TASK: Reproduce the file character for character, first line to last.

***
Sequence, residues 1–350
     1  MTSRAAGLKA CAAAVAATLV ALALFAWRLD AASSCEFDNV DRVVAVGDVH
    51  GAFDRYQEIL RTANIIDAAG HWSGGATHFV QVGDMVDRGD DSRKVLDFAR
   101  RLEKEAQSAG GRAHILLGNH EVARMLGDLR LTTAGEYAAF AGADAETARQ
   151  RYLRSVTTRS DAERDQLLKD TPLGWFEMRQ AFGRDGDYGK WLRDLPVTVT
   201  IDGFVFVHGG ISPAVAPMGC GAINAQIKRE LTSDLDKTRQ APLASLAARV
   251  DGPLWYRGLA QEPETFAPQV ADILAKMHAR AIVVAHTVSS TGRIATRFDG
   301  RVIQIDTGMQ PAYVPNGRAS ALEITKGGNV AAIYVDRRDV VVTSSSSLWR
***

Sequence, residues 1–350
     1  MTSRAAGLKA CAAAVAATLV ALALFAWRLD AASSCEFDNV DRVVAVGDVH
    51  GAFDRYQEIL RTANIIDAAG HWSGGATHFV QVGDMVDRGD DSRKVLDFAR
   101  RLEKEAQSAG GRAHILLGNH EVARMLGDLR LTTAGEYAAF AGADAETARQ
   151  RYLRSVTTRS DAERDQLLKD TPLGWFEMRQ AFGRDGDYGK WLRDLPVTVT
   201  IDGFVFVHGG ISPAVAPMGC GAINAQIKRE LTSDLDKTRQ APLASLAARV
   251  DGPLWYRGLA QEPETFAPQV ADILAKMHAR AIVVAHTVSS TGRIATRFDG
   301  RVIQIDTGMQ PAYVPNGRAS ALEITKGGNV AAIYVDRRDV VVTSSSSLWR